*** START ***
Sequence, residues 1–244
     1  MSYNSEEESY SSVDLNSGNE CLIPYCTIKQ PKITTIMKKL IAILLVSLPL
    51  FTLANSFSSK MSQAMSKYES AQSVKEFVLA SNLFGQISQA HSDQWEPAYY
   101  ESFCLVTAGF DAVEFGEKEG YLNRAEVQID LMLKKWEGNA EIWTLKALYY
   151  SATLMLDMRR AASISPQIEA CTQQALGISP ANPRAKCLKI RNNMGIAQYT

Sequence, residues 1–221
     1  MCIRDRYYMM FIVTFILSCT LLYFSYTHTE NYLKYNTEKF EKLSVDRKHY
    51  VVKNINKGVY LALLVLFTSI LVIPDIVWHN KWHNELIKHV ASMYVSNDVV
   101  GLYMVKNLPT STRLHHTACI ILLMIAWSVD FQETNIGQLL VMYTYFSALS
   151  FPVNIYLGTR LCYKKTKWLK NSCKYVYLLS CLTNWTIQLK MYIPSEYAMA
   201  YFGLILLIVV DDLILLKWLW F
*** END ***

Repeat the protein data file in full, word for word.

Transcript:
Sequence, residues 1–244
     1  MSYNSEEESY SSVDLNSGNE CLIPYCTIKQ PKITTIMKKL IAILLVSLPL
    51  FTLANSFSSK MSQAMSKYES AQSVKEFVLA SNLFGQISQA HSDQWEPAYY
   101  ESFCLVTAGF DAVEFGEKEG YLNRAEVQID LMLKKWEGNA EIWTLKALYY
   151  SATLMLDMRR AASISPQIEA CTQQALGISP ANPRAKCLKI RNNMGIAQYT

Sequence, residues 1–221
     1  MCIRDRYYMM FIVTFILSCT LLYFSYTHTE NYLKYNTEKF EKLSVDRKHY
    51  VVKNINKGVY LALLVLFTSI LVIPDIVWHN KWHNELIKHV ASMYVSNDVV
   101  GLYMVKNLPT STRLHHTACI ILLMIAWSVD FQETNIGQLL VMYTYFSALS
   151  FPVNIYLGTR LCYKKTKWLK NSCKYVYLLS CLTNWTIQLK MYIPSEYAMA
   201  YFGLILLIVV DDLILLKWLW F